I have been a bullish investor of companies that provide on-demand BI solutions (to date I invested in Pivotlink and Host Analytics). After being involved with BI for over two decades I see SaaS as a fundamentally transformational model whose benefits outweigh the adoption issues I described in my last posting. Moreover, these issues are not “show stoppers.”
The value and uniqueness of on-demand BI is coming from the following areas:
- Cloud-enabled collaboration. Collaborative BI can effectively be enabled through cloud computing. Companies want to collaborate through data. Employees want to collaborate with other colleagues and partners by looking together at a single view of internal and external data that impacts daily their business “ecosystem.” Today the only decisions that are effective are those based on data blended from inside and outside the company.
- More efficient analysis paradigm. On-demand BI transforms the "traditional" ETLA (Extract Transform Load Analyze) process found in most data warehousing/BI environments, to an ELA process (Extract Load Analyze) process. This doesn't simply mean that you are removing a costly step (Transform) from the process, but that you are changing the entire analysis paradigm. Because on-demand BI applications make Extraction and Loading very cheap, the user of an "ELA environment" doesn't have to be extremely thoughtful on what data to include in the warehouse (or data mart) and how to transform it in order to improve the analysis results. Instead he can load a bunch of data and "experiment" with it. If the experimentation goes well then he continues. If it doesn't go well then he "throws the loaded data away" and load some more without delay or guilt. On-demand BI companies like Pivotlink have been developing extremely fast data extractors and loaders in order to better support the ELA paradigm for an expanding set of cases.
- Social networking/Community. Social networking and other social media applications have demonstrated the power of communities and are now moving from personal use to enterprise use. Community-based tools built around on-demand BI solutions can increase a BI solution’s adoption, reduce service delivery costs and, through the established dialog between users and the solution provider, improve the application’s feature set and performance. Imagine, for example, through a presence tool, such as Microsoft Messenger, a user determines that another user who is an expert on inventory analysis is online. By looking up this user’s profile he finds out that the user has received good recommendations from co-workers and customers about his ability to create inventory analysis reports. A real-time dialog can begin and lead to collaborative problem-solving.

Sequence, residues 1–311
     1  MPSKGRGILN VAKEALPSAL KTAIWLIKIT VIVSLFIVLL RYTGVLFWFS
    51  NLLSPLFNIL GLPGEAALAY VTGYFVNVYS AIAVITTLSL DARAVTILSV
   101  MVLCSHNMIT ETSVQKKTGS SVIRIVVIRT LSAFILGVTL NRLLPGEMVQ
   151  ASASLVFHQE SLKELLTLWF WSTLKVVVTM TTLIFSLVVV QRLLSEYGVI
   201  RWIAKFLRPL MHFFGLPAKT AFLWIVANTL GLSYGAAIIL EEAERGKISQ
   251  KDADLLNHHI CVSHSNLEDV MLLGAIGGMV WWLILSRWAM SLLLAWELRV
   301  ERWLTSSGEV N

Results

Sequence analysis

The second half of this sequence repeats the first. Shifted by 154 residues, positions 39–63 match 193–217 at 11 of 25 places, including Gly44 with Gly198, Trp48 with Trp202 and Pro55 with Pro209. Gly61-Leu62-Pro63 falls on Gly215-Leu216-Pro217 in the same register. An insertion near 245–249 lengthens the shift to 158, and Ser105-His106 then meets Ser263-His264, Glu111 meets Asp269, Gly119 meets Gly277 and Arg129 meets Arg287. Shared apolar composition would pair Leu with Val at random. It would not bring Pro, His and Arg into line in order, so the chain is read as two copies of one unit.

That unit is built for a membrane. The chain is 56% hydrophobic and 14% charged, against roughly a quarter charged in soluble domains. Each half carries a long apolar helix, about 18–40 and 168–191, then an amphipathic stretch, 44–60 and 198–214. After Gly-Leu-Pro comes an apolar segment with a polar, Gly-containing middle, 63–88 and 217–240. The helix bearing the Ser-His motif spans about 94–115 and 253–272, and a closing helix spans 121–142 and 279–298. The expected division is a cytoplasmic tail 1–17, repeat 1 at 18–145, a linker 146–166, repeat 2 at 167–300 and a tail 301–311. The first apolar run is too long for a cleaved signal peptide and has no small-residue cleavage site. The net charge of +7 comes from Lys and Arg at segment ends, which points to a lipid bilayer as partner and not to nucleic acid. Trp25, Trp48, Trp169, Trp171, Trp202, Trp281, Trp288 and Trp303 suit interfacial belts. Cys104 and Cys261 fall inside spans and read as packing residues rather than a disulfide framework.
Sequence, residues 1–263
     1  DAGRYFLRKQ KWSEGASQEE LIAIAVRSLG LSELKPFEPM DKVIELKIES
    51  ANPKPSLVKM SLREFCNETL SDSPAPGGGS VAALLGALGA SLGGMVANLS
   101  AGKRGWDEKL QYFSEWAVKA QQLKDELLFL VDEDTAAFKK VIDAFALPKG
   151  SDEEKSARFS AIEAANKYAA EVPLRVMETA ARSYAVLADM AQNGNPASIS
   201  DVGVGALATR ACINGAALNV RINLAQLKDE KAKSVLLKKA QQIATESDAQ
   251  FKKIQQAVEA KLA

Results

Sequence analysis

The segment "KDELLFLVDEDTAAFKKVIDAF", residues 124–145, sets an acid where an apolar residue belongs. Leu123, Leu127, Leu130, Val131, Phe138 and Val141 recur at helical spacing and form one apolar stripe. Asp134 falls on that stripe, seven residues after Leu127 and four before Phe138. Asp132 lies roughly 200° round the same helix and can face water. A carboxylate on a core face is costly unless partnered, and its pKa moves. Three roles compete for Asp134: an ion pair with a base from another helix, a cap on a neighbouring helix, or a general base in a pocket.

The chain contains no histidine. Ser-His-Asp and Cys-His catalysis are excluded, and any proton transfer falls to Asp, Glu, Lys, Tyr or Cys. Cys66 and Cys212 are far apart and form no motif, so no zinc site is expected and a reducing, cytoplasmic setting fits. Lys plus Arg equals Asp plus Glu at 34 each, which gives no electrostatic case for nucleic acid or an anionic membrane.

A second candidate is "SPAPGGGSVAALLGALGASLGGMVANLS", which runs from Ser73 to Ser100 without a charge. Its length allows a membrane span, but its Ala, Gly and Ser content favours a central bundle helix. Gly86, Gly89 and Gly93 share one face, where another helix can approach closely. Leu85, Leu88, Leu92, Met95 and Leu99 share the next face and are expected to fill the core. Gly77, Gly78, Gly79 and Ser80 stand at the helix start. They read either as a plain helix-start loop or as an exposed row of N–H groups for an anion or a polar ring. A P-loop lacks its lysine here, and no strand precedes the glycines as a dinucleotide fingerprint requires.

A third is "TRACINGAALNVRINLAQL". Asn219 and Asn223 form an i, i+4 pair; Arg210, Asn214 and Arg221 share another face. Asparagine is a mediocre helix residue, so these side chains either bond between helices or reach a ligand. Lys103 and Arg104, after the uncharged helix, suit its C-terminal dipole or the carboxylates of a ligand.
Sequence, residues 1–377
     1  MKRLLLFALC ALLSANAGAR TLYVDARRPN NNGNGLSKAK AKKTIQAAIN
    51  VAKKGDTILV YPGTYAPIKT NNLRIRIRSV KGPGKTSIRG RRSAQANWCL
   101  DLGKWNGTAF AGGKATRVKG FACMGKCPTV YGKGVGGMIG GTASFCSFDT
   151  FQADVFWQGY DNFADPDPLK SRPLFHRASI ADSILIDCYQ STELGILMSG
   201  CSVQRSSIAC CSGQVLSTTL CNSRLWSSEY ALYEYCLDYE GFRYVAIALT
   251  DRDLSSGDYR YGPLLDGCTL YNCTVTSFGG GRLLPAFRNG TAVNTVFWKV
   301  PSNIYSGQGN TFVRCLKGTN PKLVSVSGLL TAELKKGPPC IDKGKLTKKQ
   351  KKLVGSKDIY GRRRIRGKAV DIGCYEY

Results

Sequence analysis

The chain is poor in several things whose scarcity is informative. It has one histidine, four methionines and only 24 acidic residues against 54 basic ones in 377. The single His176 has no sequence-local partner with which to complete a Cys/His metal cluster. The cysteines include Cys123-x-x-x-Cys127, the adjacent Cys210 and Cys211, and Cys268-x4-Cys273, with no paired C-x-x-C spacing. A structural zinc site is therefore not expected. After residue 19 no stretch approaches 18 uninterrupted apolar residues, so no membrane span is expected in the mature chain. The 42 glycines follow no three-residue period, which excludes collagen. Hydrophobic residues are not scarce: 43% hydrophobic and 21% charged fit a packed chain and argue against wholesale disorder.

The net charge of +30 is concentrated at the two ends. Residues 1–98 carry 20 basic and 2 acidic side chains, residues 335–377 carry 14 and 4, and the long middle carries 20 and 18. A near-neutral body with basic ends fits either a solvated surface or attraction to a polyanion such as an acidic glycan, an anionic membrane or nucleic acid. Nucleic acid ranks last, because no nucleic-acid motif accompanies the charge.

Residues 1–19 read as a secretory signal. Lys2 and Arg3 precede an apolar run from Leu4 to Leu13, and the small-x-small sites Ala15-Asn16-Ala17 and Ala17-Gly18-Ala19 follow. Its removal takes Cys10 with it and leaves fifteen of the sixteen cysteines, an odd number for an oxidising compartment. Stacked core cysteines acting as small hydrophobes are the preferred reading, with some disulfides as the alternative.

- Better maintenance of the application and the data. Because the application/reports and the database/data warehouse are located in the vendor’s data center, software updates, database maintenance for optimal query performance, report organization and other tasks associated with the support of a properly running BI solution are managed and performed centrally by the vendor. This activity results in optimally running BI solutions enjoyed by all users. The performance of on-premise BI solutions is dependent on the IT organization’s abilities to a) devote the right resources to address the above mentioned tasks along with software updates and patches coming from the vendor and b) develop local expertise to optimize the performance of each BI solution being used. This may be possible in certain companies with large and sophisticated IT organizations but, unfortunately, it is not found in every company that uses on-premise BI solutions. For example, a recent Oracle critical patch bundle included 16 updates for Oracle Database Server, 12 updates for Oracle Application Server, 3 updates for Oracle Applications, 4 updates for Oracle PeopleSoft and JDEdwards Suite, and 8 updates for BEA Products Suite.